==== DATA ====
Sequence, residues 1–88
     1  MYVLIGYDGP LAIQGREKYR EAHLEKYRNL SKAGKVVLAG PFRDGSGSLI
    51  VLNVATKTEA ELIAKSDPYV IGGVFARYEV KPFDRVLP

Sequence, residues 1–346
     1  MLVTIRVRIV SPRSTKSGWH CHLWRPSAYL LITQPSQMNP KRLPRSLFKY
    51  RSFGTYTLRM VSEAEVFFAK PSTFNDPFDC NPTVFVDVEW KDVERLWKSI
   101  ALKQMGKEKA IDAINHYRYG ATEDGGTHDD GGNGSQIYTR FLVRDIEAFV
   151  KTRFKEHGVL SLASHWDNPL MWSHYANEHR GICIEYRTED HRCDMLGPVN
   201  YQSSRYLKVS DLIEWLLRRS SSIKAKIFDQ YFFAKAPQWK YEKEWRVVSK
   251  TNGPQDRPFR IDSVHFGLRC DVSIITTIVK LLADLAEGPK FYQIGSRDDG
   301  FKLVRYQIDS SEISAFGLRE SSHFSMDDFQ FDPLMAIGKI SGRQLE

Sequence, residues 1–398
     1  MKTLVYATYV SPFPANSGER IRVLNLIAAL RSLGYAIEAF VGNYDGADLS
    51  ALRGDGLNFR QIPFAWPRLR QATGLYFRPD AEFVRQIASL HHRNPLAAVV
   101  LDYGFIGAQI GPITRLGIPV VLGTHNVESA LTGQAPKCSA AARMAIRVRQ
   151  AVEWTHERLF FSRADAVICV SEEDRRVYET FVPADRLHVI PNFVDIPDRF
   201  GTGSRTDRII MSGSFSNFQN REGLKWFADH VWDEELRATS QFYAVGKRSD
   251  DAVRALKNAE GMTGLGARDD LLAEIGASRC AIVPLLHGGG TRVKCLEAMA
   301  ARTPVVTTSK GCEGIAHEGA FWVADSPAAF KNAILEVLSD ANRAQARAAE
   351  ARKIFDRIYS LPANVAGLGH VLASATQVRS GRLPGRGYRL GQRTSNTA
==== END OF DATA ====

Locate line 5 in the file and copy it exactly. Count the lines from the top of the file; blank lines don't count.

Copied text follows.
     1  MLVTIRVRIV SPRSTKSGWH CHLWRPSAYL LITQPSQMNP KRLPRSLFKY